Healthy fisheries and ecosystems are vital to the livelihoods of coastal communities across Cuba, a nation with a rich with history of fisheries science and innovative conservation programs. However, scientists estimate that the majority of fish stocks on the island are depleted or in decline due to several factors including overfishing.

The recent passage of a new fisheries law, which calls for science-based sustainable fisheries management in support of greater food sovereignty and security, conservation and fishing jobs, and a wide array of institutions working to advance fisheries science and management, led by Cuba's Ministry of Food Industry, are working to improve the sustainability of Cuban fisheries and bring greater benefits to the communities that depend on them.

One of the approaches being utilized in Cuba is the Framework for Integrated Stock and Habitat Evaluation (FISHE). FISHE is an 11-step process developed by Environmental Defense Fund (EDF) with input from Cuban experts to evaluate and adaptively manage stocks with limited data efficiently and inexpensively, a critical need for small-scale fisheries around the world.

To help advance adaptive management and the FISHE process in Cuba, EDF has worked with a range of fishery stakeholders and institutions, particularly the Center for Fisheries Research (CIP). During a project call SOS Pesca, CIP and EDF worked with a multidisciplinary and inter-institutional working group and fishing communities to evaluate the vulnerability of species to overfishing based on a Productivity and Susceptibility Analysis (PSA) for the entire nation—a first of its kind effort.

Participants point place species on a PSA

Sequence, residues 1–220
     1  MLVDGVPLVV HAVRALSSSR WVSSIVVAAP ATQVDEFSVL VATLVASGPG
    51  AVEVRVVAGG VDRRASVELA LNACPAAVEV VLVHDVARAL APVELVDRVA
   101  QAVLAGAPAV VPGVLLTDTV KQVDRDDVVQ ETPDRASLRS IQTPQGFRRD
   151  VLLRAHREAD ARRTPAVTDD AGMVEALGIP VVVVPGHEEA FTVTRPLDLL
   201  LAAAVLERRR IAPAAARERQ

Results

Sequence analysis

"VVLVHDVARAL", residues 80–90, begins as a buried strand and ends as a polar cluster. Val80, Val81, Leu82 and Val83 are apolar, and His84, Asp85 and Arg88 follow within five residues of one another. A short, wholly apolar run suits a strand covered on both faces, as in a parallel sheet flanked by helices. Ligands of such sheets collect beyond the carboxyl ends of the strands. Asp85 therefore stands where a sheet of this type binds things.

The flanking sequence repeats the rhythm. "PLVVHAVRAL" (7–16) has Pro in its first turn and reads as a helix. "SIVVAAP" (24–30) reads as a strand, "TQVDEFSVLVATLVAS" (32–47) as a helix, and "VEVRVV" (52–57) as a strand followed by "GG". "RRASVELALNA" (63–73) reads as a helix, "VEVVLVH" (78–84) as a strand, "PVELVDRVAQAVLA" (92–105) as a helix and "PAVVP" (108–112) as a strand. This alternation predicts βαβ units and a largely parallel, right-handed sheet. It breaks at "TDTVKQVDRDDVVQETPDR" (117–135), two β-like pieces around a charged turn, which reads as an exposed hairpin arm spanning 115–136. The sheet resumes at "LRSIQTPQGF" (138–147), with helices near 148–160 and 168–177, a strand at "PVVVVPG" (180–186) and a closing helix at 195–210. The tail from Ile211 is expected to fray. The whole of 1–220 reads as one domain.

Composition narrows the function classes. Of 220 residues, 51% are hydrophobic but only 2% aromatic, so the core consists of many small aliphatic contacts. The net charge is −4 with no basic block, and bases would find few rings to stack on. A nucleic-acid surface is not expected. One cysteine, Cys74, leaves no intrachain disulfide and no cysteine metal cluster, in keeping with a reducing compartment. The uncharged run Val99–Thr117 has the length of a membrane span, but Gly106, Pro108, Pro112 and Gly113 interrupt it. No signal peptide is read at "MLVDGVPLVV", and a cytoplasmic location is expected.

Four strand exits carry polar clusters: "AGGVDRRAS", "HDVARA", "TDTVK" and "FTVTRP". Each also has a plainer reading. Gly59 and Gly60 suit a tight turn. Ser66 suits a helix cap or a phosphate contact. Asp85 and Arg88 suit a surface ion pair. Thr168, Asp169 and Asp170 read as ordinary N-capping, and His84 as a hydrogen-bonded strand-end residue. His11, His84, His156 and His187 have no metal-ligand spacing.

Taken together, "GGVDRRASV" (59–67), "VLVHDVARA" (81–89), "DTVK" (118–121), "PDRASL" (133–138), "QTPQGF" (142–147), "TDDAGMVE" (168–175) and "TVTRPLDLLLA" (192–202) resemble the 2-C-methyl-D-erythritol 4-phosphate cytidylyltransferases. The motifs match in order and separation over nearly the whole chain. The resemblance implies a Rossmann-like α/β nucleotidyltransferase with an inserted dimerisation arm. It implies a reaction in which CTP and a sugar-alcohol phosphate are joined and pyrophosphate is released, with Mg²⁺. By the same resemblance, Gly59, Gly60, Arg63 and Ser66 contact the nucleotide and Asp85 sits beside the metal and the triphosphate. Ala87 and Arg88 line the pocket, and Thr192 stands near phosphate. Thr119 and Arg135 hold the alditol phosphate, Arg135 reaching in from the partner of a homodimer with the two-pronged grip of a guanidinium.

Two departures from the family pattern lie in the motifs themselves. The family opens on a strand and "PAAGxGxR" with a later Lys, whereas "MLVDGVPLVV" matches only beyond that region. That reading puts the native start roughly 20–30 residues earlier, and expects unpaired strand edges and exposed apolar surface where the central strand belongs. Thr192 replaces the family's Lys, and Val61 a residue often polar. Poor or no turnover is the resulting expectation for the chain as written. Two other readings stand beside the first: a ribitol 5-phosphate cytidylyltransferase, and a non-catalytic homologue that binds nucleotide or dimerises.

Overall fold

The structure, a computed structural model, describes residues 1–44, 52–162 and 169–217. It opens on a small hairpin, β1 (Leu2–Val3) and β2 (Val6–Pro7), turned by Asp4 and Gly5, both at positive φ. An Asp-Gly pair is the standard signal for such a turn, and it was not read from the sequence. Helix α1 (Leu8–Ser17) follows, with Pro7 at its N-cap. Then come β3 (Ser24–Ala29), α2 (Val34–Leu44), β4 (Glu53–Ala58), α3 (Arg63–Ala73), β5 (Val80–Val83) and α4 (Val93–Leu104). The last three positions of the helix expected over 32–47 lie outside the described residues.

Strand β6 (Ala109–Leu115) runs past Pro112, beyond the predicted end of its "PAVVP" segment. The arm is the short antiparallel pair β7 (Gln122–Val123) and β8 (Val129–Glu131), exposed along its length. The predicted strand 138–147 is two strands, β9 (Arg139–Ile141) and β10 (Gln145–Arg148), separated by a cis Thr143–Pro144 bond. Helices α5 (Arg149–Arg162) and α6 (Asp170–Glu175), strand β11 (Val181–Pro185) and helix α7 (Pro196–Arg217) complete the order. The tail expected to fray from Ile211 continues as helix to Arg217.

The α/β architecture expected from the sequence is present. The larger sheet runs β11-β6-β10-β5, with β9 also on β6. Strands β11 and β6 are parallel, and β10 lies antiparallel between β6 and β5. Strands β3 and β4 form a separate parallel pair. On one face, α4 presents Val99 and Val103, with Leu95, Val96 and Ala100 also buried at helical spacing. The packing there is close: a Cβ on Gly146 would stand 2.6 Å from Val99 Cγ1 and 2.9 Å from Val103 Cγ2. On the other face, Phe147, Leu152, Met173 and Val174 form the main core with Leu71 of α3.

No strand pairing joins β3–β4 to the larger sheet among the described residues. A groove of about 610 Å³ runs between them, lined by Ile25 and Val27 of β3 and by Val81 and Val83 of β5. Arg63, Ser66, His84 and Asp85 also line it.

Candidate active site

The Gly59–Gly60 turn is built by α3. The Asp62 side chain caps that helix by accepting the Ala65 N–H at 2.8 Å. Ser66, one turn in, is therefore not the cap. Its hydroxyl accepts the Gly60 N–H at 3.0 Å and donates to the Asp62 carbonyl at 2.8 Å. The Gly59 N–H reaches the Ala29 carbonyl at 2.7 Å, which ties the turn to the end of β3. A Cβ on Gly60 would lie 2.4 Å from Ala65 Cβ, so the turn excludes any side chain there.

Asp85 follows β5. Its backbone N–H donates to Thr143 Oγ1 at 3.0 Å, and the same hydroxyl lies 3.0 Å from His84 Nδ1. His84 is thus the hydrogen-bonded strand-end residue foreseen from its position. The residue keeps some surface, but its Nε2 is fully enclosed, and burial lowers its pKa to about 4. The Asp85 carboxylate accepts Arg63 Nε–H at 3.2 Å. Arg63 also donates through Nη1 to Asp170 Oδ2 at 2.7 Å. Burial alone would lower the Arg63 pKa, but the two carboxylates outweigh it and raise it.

Participants place fish on a PSA chart to visualize the relative vulnerability of finfish species in Cuba

To-date, Cuban institutions have used components of the FISHE framework, including PSAs, to prioritize assessment and management of several finfish stocks. The country is also going through the process of assessing and developing management of multispecies finfish fisheries, including considering the FISHE “fish basket” approach.

In Cuba, using FISHE is part of a larger effort to advance sustainable fisheries management and to foster inter-institutional work. Over many years, EDF has worked with Cuban institutions to host trainings together in order to build technical capacity on topics such as species identification, monitoring techniques, data-limited assessment methods, co-management and spatial management. To help build capacity for adaptive fisheries management, the Center for Marine Research of the University of Havana (CIM-UH), CIP and EDF developed university courses on sustainable fisheries management, bringing together a diverse group of fishery and conservation professionals from across Cuba. The professionals who attended the courses used FISHE to practice assessing stocks and drafting management plans. Cuba’s Ministry of Food Industry also worked with EDF to host a fisher’s forum using a learning networks approach to strengthen existing efforts for coastal communities to share their knowledge and experience and work with managers and other SSF stakeholders.

Small-scale fisheries around the world are often multispecies fisheries where there is limited data and financial resources. Resources like FISHE are a key strategy to adaptively manage SSF using the resources that are available. To learn more about FISHE visit the resource page here.

A student presents their results during a university course in Cuba
During a course on sustainable management, students used FISHE to practice assessing stocks and develop fishery management plans. 


This article is part of the SSF Highlights series of articles published regularly to the SSF Hub.  To read previous SSF Highlights, follow this link


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